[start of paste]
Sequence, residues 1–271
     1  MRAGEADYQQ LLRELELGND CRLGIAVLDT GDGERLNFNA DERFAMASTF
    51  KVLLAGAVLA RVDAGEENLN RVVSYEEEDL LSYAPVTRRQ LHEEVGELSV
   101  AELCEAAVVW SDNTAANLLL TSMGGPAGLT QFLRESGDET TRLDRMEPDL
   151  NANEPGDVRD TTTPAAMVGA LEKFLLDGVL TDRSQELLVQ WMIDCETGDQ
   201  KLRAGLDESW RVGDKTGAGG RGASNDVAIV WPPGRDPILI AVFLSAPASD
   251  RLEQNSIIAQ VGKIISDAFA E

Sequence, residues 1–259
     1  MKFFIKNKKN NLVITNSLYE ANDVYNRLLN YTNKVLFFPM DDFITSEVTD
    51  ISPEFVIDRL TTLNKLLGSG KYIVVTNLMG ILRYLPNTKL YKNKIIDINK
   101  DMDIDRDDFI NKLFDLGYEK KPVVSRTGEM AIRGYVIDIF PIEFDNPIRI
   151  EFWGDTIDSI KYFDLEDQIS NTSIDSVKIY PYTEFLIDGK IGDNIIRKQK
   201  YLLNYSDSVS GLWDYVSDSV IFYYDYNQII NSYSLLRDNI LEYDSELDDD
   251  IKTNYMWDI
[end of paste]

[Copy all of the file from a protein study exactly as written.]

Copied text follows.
Sequence, residues 1–271
     1  MRAGEADYQQ LLRELELGND CRLGIAVLDT GDGERLNFNA DERFAMASTF
    51  KVLLAGAVLA RVDAGEENLN RVVSYEEEDL LSYAPVTRRQ LHEEVGELSV
   101  AELCEAAVVW SDNTAANLLL TSMGGPAGLT QFLRESGDET TRLDRMEPDL
   151  NANEPGDVRD TTTPAAMVGA LEKFLLDGVL TDRSQELLVQ WMIDCETGDQ
   201  KLRAGLDESW RVGDKTGAGG RGASNDVAIV WPPGRDPILI AVFLSAPASD
   251  RLEQNSIIAQ VGKIISDAFA E

Sequence, residues 1–259
     1  MKFFIKNKKN NLVITNSLYE ANDVYNRLLN YTNKVLFFPM DDFITSEVTD
    51  ISPEFVIDRL TTLNKLLGSG KYIVVTNLMG ILRYLPNTKL YKNKIIDINK
   101  DMDIDRDDFI NKLFDLGYEK KPVVSRTGEM AIRGYVIDIF PIEFDNPIRI
   151  EFWGDTIDSI KYFDLEDQIS NTSIDSVKIY PYTEFLIDGK IGDNIIRKQK
   201  YLLNYSDSVS GLWDYVSDSV IFYYDYNQII NSYSLLRDNI LEYDSELDDD
   251  IKTNYMWDI